K-Dramas. K-Pop. K-Fashion.
The K-wave is taking all Filipinos by storm as the South Korean culture continues to invade the realms of Philippine entertainment. But this wave is just getting bigger with one latest addition to this Korean craze: the Korean food.
The spicy flavor that is predominant in all of Korean food has surely appealed to many Filipinos that Korean restaurants are popping here and there like mushrooms.
Long queues of people savoring to experience Korea in their taste buds have become a normal scene in our country. In Cebu, these restaurants are most often found along the streets of AS Fortuna and Gorordo, and in Ayala.
To those who are curious to find out the taste of Korean food, below are the most popular choices you can find in every Korean restaurant. But to those who have already tasted it, let us help you relive that moment when your tongue first lit up from the splurging spice in tasting the Korean food in your mouths.
The staple in Korean cuisine, kimchi is a side dish made of salted and fermented cabbage and radish seasoned with chili powder, scallions, garlic, ginger, and salted seafood. With its spicy, salty, and succulent taste, it is what makes every Korean food Korean.
Over time, countless innovations paved way for different preparations of kimchi, and with this evolution comes variations of its taste. As of now, there are over 200 known ways of preparing kimchi, and it only continues to grow.
Bibimbap is a bowl of rice and seasoned vegetables with fried egg or beef on top.
The vegetables most often added are cucumber, zucchini, radish, mushrooms, and soybean sprouts.
This Korean bowl is served with a separate chili pepper paste or gochujang on a tube that the diner can add according to how much he or she likes the degree of spiciness to be. All of the ingredients are then mixed thoroughly so that every spoonful is full of the Korean carnival of flavor that satisfies the mouths.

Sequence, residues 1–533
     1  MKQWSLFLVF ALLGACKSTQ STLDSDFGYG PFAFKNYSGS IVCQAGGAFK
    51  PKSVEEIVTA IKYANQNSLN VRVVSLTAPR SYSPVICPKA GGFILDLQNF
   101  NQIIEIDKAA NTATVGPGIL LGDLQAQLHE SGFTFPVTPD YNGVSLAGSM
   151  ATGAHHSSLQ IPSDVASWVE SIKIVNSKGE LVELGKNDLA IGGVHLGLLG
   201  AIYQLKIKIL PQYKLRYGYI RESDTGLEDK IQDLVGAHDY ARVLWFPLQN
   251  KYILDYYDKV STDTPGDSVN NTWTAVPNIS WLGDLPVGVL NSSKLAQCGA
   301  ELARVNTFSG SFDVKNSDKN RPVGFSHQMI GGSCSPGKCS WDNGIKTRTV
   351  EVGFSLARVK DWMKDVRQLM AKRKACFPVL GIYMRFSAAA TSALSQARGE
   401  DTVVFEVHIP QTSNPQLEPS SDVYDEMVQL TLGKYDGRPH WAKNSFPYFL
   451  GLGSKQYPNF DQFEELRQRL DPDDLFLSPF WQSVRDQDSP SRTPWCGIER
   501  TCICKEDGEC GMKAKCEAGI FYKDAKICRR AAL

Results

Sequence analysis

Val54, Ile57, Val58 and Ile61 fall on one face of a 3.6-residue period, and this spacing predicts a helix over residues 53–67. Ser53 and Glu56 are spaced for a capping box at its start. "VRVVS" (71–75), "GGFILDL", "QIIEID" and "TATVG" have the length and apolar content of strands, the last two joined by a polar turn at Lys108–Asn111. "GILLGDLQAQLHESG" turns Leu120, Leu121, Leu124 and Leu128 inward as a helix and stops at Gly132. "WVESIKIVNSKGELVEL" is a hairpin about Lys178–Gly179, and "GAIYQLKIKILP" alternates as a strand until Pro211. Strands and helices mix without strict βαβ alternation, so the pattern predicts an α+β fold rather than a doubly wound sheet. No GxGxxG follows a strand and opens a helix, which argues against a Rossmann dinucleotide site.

If Filipinos have lechon, Koreans have samgyeopsal. Literally meaning “three layers,” samgyeopsal are pork belly slices served raw to the customers. Most often unseasoned, this meat is usually the centerpiece of the Korean dining experience where the customers get to cook the meat on a grill by their table.
However, the samgyeopsal experience does not stop there. When cooked, the meat can be placed on fresh vegetables rolled up to a wrap or ssam. Along with the meat, seasoned vegetables in little slices, most prominent of which is kimchi, is added, and everything is eaten in a mouthful.
All of the ingredients including the natural taste of the samgyeopsal blend together to take you into a roller-coaster of spices that can make you say, “Oomf! Korea!”
The Korean wave is not going to wane away any time soon. But no one is complaining. When it comes to food, the unique flavor that the Korean dining experience offers is a firework experience for the adventurous, a bountiful bonanza to fans, and a seductive spark for the curious to be crazy for Korea.